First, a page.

Bloody Spear at Mount Fuji Blu-ray Review: Low on Blood, High on Social Commentary

Despite the lurid title, Tomu Uchida’s most famous work is more social commentary road movie than samurai action film.
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Director Tomu Uchida was an esteemed contemporary of Japan’s most internationally well-known directors, Akira Kurosawa and Yasujiro Ozu, and yet his work is barely known in the U.S. Arrow Academy aims to correct that oversight by presenting this remastered Blu-ray of his most famous film.

The film follows a samurai and his entourage as they venture toward Edo (modern-day Tokyo), but rather than focus on swordplay action scenes one might expect from the title, it instead spends time on ancillary commoners they meet along the way, such as a poor orphan boy and shady man who seems to have gained wealth via illicit means. There’s no apparent plot other than the minor goal of the samurai delivering a ceremonial tea bowl to Mount Fuji, making it somewhat difficult to decipher which characters we’re meant to follow. Nothing is as it initially seems, and Uchida resists all opportunities for conventional endings, making the film a delightful puzzle to be pieced together by patient viewers.

Interestingly, Uchida’s primary intent seems to be a destruction of social-class order, as his samurai character enjoys drinking with his entourage as equals, their party and other locals bawdily interrupt a stuffy tea ceremony held by aristocrats, and even the samurai’s spear carrier allows the lowly orphan to briefly carry the honorable spear, which is itself ultimately revealed to be a fake. It’s heady stuff for what could have just been mindless samurai action, and marks the film as a memorable outlier of the genre.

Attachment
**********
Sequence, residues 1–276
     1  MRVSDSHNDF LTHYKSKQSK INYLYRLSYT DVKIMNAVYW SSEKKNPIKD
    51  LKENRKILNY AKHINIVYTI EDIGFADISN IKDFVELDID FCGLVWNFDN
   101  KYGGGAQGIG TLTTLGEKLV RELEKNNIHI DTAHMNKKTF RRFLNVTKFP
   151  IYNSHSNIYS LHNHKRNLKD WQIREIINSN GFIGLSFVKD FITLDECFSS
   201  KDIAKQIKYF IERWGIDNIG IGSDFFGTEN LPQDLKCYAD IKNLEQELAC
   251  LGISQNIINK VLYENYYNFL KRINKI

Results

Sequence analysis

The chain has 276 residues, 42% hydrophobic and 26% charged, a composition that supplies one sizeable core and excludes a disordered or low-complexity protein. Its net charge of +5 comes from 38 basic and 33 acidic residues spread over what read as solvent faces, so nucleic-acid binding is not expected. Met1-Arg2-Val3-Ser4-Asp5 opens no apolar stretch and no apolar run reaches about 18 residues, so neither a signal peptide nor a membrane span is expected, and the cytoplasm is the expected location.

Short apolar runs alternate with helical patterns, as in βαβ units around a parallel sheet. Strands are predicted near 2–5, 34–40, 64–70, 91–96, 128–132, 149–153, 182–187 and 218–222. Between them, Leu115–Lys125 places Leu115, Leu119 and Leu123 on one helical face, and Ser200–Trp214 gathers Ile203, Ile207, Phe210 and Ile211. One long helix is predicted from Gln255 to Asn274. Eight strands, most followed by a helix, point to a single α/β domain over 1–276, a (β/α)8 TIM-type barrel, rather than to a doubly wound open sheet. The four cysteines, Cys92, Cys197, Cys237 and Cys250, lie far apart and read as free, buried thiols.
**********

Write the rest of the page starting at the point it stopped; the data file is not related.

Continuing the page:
The film’s photography is a delight to watch, with especially superior interplay between shadows and light in the exterior shots. The jazzy score doesn’t always seem to belong, but does its part to establish that this isn’t a typical action film. The picture was scanned and restored from the original film elements by its original studio, Toei Company Ltd. Audio was also sourced from the original elements and is presented in its original uncompressed monaural format.

Bonus features are extensive, but aren’t exclusive to this release. Instead, they seem to have been culled from previous French bonuses related to Uchida’s career. The principal feature is a nearly hour-long examination of Uchida’s career by a French film critic. There’s also a lengthy interview with Uchida’s son Yasuka where he shares his recollections of his father’s career, contrasting their home life with that of typical salarymen where Uchida was completely gone while at work but fully present at home in between films. Bonuses are rounded out by a brief interview with a man who was a publicist at Toei Studios during Uchida’s career, sharing further historical details about the state of the Japanese film industry at that time. The Blu-ray also includes a brand-new audio commentary track recorded by Japanese cinema expert Jasper Sharp, as well as newly translated English subtitles.

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